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If you own your own home, then chances are you’re at least a little familiar with homeowners insurance. If you financed the purchase of your home, your lender may have made insurance a mandatory part of your mortgage.
You might have simply gotten the basic policy when you closed on your home, but have you looked at it lately?
Are you aware of what your insurance will cover—and more importantly, what it will NOT cover?
How Significant Can Water Damage Be to a Home?
Water damage can occur in a number of scenarios, and even the smallest problem can become an expensive one if it’s not discovered in a timely manner. A leaking refrigerator, for instance, could be seeping water into your flooring—and below into your basement—for months before you find the issue.
Plumbing leaks and problems could also go undetected for longer than it should. By the time you find the problem, you could have serious water damage on your hands, including buckled flooring, warped walls, and mold damage.
The average homeowner spends an average of $2,588 to fix or restore water damage in their home. That includes not only bringing in professionals to try and dry up any water or wet materials, but also any carpentry, masonry, or other contracting necessary to repair or rebuild.
That might not seem like a lot of money, but homeowners insurance doesn’t always cover water damage—which means you might be stuck with the bill.
What Does Homeowners Insurance Cover?
One of the more critical things to understand about homeowners insurance is what types of water damage a policy will cover. The phrase most often used is “sudden and accidental.” That means if you have a water heater pipe suddenly burst and spray water everywhere, soaking into the wall and flooring, your policy may cover the repairs under what’s called “dwelling coverage.”
Your policy may also have personal property coverage, which means if that water heater pipe bursting also damages your favorite recliner or a stack of books, replacing those items may also be covered.
Before your policy covers anything, you’ll probably need to pay a deductible. It’s smart to know what your deductible is now, before anything happens. Some homeowners like to keep an amount of money equal to the deductible amount tucked away in a savings account. Depending on how much the deductible is, you might still end up paying a lot of money out of pocket even if your water damage is covered.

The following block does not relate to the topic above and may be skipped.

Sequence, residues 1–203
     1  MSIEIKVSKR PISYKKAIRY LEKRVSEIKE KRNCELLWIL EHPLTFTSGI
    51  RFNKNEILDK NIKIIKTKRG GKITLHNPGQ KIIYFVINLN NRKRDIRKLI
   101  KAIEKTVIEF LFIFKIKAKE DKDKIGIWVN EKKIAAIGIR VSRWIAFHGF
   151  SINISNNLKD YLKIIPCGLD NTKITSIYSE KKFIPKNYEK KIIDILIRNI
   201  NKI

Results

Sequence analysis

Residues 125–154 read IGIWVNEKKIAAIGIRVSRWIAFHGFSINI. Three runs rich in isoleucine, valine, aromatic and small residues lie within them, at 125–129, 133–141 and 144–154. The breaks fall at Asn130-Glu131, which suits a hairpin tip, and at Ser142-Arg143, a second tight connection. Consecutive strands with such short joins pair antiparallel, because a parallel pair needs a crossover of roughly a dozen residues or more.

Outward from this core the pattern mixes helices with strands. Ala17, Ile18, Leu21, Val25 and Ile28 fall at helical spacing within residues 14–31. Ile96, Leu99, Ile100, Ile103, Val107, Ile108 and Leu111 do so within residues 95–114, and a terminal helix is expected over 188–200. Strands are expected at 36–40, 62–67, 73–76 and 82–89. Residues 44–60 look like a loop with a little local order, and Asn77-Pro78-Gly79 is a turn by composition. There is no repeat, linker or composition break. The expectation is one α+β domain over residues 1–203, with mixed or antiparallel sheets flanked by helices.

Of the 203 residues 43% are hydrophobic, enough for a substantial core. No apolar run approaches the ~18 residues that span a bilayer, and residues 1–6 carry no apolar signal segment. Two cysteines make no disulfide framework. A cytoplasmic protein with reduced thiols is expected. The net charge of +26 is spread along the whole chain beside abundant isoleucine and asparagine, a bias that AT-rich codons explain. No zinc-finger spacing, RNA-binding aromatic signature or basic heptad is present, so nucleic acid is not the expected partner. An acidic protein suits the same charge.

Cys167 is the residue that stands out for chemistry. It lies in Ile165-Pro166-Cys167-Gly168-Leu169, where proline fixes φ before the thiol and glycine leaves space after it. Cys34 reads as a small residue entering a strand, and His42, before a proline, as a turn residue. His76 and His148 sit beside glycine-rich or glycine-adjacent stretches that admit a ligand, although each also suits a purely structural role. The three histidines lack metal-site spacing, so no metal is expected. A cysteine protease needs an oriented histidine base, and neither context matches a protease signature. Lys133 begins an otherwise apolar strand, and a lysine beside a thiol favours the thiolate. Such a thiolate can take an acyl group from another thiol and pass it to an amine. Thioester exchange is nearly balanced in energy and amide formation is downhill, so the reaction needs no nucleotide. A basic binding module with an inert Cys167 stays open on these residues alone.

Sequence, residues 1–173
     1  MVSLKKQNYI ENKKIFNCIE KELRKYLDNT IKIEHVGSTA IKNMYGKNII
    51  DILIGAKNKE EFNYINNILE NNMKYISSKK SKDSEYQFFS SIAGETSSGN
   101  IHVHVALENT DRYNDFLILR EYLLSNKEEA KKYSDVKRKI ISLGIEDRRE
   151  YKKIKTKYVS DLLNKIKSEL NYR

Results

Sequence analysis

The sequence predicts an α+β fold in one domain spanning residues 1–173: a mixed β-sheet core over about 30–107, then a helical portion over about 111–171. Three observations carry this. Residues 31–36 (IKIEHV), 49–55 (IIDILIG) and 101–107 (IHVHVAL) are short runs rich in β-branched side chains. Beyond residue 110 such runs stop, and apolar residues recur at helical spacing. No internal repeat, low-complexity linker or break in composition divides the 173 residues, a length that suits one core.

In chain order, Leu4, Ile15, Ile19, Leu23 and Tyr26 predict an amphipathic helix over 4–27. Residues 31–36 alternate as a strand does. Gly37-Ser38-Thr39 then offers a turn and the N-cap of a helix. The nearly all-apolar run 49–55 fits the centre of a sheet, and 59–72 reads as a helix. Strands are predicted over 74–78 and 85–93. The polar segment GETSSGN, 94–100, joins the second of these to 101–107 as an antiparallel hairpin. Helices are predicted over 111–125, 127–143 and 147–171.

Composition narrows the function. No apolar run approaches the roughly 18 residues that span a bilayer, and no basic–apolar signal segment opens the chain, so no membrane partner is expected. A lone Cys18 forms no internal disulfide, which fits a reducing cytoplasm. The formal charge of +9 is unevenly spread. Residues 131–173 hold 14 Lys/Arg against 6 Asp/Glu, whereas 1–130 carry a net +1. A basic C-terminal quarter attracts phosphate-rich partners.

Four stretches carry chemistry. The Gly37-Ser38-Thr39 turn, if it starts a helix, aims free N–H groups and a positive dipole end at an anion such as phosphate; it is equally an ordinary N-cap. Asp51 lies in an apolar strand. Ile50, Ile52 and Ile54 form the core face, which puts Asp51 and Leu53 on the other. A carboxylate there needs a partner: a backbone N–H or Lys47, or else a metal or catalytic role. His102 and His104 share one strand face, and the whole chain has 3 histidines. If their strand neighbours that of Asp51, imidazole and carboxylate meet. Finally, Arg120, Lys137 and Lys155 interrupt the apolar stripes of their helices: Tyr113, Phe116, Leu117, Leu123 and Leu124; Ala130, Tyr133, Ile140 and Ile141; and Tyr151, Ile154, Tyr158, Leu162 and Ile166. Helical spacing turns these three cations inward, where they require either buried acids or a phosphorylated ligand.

Water damage covered by snow, ice, or sleet is usually covered as well. Too much snow on certain types of roofs can cause caving or leaking; that means you could have damage in your walls too—and that can be a costly repair.
What Does Homeowners Insurance NOT Cover?
Generally speaking, water damage that is a result of poor maintenance or neglect isn’t covered. If you’ve been meaning to fix that leaky toilet in your bathroom but now there is water damage in your flooring, chances are that won’t be covered. Sewer backup, such as when city sewage pipes back up into your home, is also not usually part of a policy.
One big type of disaster that isn’t covered is flood. If you live in a flood-prone area, called a flood plain, you’ll need to purchase a specific flood policy. You should have been notified at the time you purchased your home if you live in a flood plain; if you’re not sure, you can contact your county assessor to find out if your home is located in one.
Overflow and discharge are also things that may not be covered. If your bathtub overflows, for instance, or your washing machine hose is seeping water behind your appliances, that’s generally not covered under a homeowners policy. If your overflow is caused by something sudden and accidental, however, that would be covered.
Once you understand the terms that your insurance company will use—and how they define those terms—you can better understand what will be covered and what isn’t.
The best time to find out what your policy will cover is before you have water damage in your home. Take the time to look at your policy, and make sure to ask your insurance agent about anything that you don’t understand, or anything you have concerns about.
If you need additional coverage because of natural disasters that happen in your area, it’s much better to get it now—before you need it.